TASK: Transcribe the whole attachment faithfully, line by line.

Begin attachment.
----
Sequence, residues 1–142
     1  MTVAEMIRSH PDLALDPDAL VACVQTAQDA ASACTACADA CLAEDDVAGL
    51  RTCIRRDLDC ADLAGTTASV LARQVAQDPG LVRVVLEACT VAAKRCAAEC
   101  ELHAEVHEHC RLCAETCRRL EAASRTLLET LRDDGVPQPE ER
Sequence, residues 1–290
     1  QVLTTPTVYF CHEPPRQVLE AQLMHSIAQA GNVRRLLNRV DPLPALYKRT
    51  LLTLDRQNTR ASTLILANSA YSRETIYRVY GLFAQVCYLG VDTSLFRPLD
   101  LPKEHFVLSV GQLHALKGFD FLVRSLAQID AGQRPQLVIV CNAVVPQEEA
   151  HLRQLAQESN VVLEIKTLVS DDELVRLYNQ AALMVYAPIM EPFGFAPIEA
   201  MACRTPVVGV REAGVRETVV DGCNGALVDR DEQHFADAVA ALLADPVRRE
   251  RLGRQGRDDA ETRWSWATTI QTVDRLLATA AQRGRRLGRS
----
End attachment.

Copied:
Sequence, residues 1–142
     1  MTVAEMIRSH PDLALDPDAL VACVQTAQDA ASACTACADA CLAEDDVAGL
    51  RTCIRRDLDC ADLAGTTASV LARQVAQDPG LVRVVLEACT VAAKRCAAEC
   101  ELHAEVHEHC RLCAETCRRL EAASRTLLET LRDDGVPQPE ER
Sequence, residues 1–290
     1  QVLTTPTVYF CHEPPRQVLE AQLMHSIAQA GNVRRLLNRV DPLPALYKRT
    51  LLTLDRQNTR ASTLILANSA YSRETIYRVY GLFAQVCYLG VDTSLFRPLD
   101  LPKEHFVLSV GQLHALKGFD FLVRSLAQID AGQRPQLVIV CNAVVPQEEA
   151  HLRQLAQESN VVLEIKTLVS DDELVRLYNQ AALMVYAPIM EPFGFAPIEA
   201  MACRTPVVGV REAGVRETVV DGCNGALVDR DEQHFADAVA ALLADPVRRE
   251  RLGRQGRDDA ETRWSWATTI QTVDRLLATA AQRGRRLGRS